I am using slf4j for logging in my application. I get the purpose of slf4j. I would like to know how to find out which logging-library slf4j is currently binding to. I have log4j in my referenced libraries. I am assuming that slf4j has bound itself to log4j.

What I would like to know is, is there any way to explicitly confirm this binding?

  • I swear there was a way to turn on slf4j debugging (meta debugging) but I can't remember what it was. None of the answers address that. – Sridhar Sarnobat Jan 15 '19 at 23:25

Just do what SLF4J does to discover the binding:

final StaticLoggerBinder binder = StaticLoggerBinder.getSingleton();

Now you can try to find out what is the actual implementation in my case:


This prints:

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  • How can I find which jar file the logger (logback in the above example) came from? – Jason May 18 '15 at 4:02
  • @Jason how about asking the class loader? – Kedar Mhaswade Apr 5 '17 at 17:12
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    How do I ask the class loader? – Jason Jun 14 '17 at 14:23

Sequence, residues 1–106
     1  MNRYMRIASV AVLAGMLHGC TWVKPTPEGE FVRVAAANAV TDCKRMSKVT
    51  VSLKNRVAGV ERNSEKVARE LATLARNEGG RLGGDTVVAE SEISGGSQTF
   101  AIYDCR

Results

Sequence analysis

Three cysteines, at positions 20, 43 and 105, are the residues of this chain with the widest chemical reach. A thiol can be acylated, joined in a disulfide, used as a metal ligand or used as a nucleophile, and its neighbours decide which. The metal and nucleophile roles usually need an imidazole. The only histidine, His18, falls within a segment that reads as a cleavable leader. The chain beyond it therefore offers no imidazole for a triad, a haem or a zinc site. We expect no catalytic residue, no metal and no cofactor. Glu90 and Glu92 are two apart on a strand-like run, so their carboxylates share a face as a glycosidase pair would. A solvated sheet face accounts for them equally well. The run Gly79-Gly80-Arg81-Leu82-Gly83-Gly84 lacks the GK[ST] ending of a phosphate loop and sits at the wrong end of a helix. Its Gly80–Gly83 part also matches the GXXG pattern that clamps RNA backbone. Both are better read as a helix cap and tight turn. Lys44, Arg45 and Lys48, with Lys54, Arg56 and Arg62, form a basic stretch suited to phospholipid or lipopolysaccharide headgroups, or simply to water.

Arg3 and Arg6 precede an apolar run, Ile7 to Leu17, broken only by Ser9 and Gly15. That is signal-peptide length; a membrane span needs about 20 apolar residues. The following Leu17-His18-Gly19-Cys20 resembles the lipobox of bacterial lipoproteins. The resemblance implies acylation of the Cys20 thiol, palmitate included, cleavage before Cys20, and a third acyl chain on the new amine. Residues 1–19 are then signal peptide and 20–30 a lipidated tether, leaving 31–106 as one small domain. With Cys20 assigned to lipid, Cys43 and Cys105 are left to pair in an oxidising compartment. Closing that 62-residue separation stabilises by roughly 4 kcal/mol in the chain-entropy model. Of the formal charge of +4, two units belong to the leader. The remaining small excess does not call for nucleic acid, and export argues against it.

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    StaticLoggerBinder is not part of slf4j-api, so this method does not work. – wheeler Jan 3 '18 at 20:02

The StaticLoggerBinder's getLoggerFactoryClassStr() method is probably what you're looking for.

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Easy. Put a breakpoint on .. say.. LOG.info(...). Once debugger stops there, step into.. and viola.. you will find yourself in the code of the actual logger... say log4j or logback.. whatever.

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It's possible to do this using the main slf4j public API (i.e. without the internal StaticLoggerBinder), e.g. to detect if slf4j has bpound to log4j2:

if ("org.apache.logging.slf4j.Log4jLoggerFactory".equals(
{ ... }
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